Gambling lore is filled with stories of poker games that went on for days, but the longest live game on record happened only weeks ago, when professional card shark Phil Laak played live poker at the Bellagio casino in Las Vegas for over 115 hours. Other than a five-minute break every hour, Laak managed to stay at the table nearly nonstop for almost five days, shattering the previous record set of 72 hours set by Larry Olmstead in 2004. Laak, who’s known as “the Unabomber” because of his trademark hooded sweatshirts, claimed to stay sharp by doing yoga and adhering to a strict diet in the weeks prior to his record attempt. He also swore that he did not use any caffeine or other stimulants to help him stay awake, even though he only took a 30-minute nap one time during his entire ordeal. Amazingly, after 115 hours of nearly uninterrupted play, Laak still managed to cash out $6,766 in winnings.
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Old 08-26-2010, 05:56 AM
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7. Cricket: England vs. South Africa



It might come as a surprise to most Americans, but cricket has produced some of the most absurdly long contests in sports history. Depending on the rules, a game is only over after one side has scored more runs and dismissed all of the opposition’s batsmen, but most modern cricket matches allow for a draw to be called after a certain amount of time has elapsed. This was once not the case with Test match cricket, the more grueling version of the game played by international teams. Test matches are usually scheduled for at least five days, at which point the highest scoring team is declared the winner. In some of the early Tests, Cricket was played in the same “timeless” style as baseball, which allowed for matches to go on indefinitely until one team won it all. This is exactly what happened in 1939 in Durban, South Africa, when England and South Africa competed in what is now known as “The Longest Test.” The match started on March 3, and continued on for a further nine days (two off days and a rain-out day were also included) with neither team able to close things out. By the 12th day, England was poised to take the win with a record 654 runs, but the match had to be called off in order for the English players to catch their boat ride back home. It was only then that “the Longest Test” was finally declared a draw.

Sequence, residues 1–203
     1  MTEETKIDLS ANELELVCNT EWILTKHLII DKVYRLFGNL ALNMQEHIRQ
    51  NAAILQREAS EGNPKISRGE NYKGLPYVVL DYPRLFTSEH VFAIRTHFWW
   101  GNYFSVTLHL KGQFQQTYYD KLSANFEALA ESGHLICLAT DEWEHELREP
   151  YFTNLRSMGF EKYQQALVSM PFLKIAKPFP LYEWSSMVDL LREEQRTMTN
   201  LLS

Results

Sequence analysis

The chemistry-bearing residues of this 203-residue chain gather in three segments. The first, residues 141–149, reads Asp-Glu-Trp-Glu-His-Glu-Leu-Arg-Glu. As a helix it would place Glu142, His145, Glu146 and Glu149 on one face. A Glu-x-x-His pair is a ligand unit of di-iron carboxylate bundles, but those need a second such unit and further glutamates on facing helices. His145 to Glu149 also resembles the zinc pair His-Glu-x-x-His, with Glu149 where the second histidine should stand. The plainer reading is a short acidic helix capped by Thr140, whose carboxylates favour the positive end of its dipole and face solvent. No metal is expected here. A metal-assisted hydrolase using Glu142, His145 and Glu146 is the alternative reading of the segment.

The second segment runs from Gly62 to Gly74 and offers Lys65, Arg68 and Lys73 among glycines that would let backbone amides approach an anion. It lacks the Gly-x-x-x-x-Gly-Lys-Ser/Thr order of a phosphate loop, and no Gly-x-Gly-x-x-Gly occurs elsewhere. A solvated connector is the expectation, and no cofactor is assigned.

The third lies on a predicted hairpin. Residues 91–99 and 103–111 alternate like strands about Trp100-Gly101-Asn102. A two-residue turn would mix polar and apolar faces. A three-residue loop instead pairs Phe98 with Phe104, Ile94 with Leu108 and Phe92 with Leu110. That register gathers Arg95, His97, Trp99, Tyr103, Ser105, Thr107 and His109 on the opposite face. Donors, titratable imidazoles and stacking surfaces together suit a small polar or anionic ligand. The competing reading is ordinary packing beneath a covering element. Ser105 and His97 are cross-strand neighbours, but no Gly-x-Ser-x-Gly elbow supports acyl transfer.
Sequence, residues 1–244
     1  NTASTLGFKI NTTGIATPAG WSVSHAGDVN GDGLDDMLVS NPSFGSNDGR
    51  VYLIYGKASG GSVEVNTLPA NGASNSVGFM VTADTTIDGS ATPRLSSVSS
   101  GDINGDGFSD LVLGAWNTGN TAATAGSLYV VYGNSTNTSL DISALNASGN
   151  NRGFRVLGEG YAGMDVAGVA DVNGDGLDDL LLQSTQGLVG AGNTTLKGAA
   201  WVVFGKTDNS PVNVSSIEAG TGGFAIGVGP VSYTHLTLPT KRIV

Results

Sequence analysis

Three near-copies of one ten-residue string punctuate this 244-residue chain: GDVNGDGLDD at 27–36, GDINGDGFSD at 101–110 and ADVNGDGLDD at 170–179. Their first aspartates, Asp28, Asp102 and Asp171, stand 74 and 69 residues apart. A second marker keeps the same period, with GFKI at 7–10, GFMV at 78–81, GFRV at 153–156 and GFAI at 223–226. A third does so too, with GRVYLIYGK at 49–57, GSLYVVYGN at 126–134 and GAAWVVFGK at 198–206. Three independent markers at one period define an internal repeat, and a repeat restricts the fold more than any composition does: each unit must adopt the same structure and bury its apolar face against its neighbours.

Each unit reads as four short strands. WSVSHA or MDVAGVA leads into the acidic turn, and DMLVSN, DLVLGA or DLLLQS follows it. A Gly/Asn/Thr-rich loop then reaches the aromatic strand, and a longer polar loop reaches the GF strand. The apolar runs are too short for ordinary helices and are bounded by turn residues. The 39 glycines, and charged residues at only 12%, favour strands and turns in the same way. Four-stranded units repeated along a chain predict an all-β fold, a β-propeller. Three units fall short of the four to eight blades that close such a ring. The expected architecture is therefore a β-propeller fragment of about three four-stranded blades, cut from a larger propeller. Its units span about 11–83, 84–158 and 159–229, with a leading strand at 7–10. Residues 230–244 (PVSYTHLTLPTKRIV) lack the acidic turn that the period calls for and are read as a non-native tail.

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Old 08-26-2010, 05:57 AM
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6. Boxing: Harry Sharpe vs. Frank Crosby



Anyone who’s ever boxed can tell you just how physically taxing of a sport it is, so it’s amazing to discover that there have been fights that managed to go on for several hours. One of the most notable is a match that took place in 1892 between Harry Sharp and Frank Crosby. At just over 5 hours, this brutal contest is the longest knockout fight to ever be held under modern boxing rules. The match took place in Nameoki, Illinois, and it was said to be a dead even fight, to the point that it wasn’t until the 76th round that both men finally knocked each other down simultaneously. Crosby supposedly hit his head on the ground hard, and even though he was able to get to his feet, Sharpe knocked him out a few minutes later. At a total time of 5 hours, 3 minutes, 45 seconds, the Crosby/Sharpe fight is one of the longest bouts of all time. It proved to be so long, in fact, that the referee didn’t even last the full duration. Supposedly, the fight’s ref was fighting a cold by taking the occasional pull from a flask of liquor. According to boxing lore, the man passed out in the 65th round, leaving Sharpe and Crosby to fight their last 12 rounds with no officiating. (Note from editor: unable to locate image of Sharpe and Crosby. Shown: boxer from late 1800s/early 1900s – name unknown.)